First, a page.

Belgian train drivers went on strike on Tuesday in protest at safety conditions, adding to international rail chaos after the collision of two rush-hour trains that left at least 18 dead.
Investigators again scoured the wreckage of the trains amid fears that more bodies could be found. Some of the 100 injured from Monday’s high-speed disaster were also in grave condition in hospital.
Many train drivers went on strike saying that poor working conditions contributed to the crash near the town of Halle, 15km south-west of Brussels.
One of the two drivers of the trains was among the dead. The strike was spontaneously organised and rail unions were not involved.
Eurostar train services to and from London were cancelled for a second day along with all Thalys international services to France, Germany and The Netherlands because of the wreckage and the strike. Thalys could not say when services would start again.
On the ground the rescue workers resumed the search of the wreckage to ensure that no more bodies remained hidden, and sifted for clues on what caused one of the worst rail accidents in Belgium’s history.
Brabant provincial governor Lodewijk De Witte said on Monday that one of the trains had apparently failed to stop at a red light and hit the other at high speed.
The train line where the crash happened is fitted with a security system designed to halt trains automatically at a stop sign.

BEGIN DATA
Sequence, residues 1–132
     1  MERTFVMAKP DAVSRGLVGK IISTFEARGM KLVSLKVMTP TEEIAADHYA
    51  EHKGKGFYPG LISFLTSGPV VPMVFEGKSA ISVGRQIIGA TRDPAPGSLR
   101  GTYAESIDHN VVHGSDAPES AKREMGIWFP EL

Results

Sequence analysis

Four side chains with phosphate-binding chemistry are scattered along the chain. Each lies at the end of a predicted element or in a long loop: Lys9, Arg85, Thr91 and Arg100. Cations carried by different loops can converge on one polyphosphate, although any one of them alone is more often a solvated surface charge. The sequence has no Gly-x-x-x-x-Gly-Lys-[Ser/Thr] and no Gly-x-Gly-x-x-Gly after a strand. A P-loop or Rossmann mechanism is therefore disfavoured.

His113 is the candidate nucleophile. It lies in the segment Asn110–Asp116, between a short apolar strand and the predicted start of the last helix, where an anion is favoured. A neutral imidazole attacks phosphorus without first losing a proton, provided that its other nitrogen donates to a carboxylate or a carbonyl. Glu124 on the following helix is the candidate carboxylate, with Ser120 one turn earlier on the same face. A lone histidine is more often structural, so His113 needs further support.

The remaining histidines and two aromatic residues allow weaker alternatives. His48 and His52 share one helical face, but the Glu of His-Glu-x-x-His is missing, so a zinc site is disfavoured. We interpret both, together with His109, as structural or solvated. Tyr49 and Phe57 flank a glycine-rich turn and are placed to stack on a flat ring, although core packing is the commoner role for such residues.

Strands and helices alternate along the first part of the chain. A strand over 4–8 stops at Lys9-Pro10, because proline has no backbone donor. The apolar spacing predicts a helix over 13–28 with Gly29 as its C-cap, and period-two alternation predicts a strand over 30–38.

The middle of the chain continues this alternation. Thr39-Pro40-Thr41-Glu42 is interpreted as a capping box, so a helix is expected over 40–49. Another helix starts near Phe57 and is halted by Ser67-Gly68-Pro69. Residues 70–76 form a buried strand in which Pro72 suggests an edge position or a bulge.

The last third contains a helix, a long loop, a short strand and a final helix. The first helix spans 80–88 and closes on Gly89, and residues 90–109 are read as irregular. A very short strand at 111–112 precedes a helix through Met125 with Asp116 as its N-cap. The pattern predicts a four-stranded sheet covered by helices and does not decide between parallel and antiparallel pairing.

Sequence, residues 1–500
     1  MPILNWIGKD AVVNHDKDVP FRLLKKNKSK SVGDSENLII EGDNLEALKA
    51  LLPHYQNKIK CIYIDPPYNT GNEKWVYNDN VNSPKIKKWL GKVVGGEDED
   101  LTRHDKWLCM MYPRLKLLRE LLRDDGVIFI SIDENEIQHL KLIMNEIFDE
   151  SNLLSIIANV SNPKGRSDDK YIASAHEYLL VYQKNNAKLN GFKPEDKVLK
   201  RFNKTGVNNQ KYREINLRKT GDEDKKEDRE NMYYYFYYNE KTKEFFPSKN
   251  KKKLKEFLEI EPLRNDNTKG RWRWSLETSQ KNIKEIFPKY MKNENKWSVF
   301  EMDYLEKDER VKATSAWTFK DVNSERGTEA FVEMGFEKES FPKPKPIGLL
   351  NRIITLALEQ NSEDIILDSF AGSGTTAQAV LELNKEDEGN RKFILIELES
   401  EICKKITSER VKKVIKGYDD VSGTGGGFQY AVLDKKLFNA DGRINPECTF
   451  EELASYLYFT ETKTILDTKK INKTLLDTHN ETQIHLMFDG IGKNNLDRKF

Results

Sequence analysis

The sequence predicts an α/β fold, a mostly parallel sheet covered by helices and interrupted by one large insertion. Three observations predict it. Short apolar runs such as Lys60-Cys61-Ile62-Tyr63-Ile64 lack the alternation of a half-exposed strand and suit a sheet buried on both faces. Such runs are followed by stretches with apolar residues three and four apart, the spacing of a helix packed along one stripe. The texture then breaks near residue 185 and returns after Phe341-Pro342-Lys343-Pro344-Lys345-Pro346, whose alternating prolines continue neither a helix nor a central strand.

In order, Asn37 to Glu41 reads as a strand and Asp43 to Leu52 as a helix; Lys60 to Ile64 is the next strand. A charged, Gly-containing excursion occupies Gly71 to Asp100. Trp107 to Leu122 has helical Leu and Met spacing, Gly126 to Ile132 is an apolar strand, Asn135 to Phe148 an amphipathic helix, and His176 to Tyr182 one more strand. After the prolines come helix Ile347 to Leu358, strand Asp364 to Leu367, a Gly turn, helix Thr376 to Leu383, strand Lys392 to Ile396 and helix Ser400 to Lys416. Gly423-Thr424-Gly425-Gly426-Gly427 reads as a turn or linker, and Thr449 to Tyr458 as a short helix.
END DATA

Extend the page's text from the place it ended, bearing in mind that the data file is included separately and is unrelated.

However, one of the trains was not equipped with the system, according to Marc Descheemaecker, a senior official for the SNCB national rail service.
The information caused concern among the train drivers, the Belgian press and beyond.
“Why?” was the one-word headline in the Libre Blegique, under a picture of the smashed commuter trains.
“An avoidable tragedy?” the daily Le Soir asked.
Luc Lallemand, vice-chairperson of Infabel, which manages the rail network, was in no doubt.
“Yes,” he replied, when asked if the accident could have been avoided. “It could have been avoided” if both trains had been fitted with the automatic braking system.
His SNCB counterpart, Descheemaecker, said: “In 2005 we opted for our own system and decided to equip all the trains but that can’t be done all at once.”
The Brussels public prosecutor’s office said accident investigators had resumed work at the crash site, in an enlarged security perimeter that now includes nearby roads which were sealed off.
The prosecutor warned that it would take repair teams three days to fix the tracks after that work was completed.
State of shock
The high-speed crash happened at about 7.30am GMT on Monday as commuters headed to work in the capital.
Groggy survivors wandered around in a state of shock or burst into tears as they were taken to a nearby sports centre to be treated.
The Belgian Red Cross has issued an appeal for blood donors.
Late on Monday Infrabel and SNCB in a statement revised talk of a head-on collision, saying the trains had hit laterally “for unknown reasons”.
Governor De Witte said the bodies of 15 men and three women had been recovered.
Belgian Prime Minister Yves Leterme cut short a trip to the Balkans to head to the crash site along with King Albert II.
Messages of aid and condolences also came swiftly from the European Union, which has its headquarters in Brussels. EU president Herman van Rompuy, himself Belgian, spoke of his “great shock and sorrow” at the accident. — AFP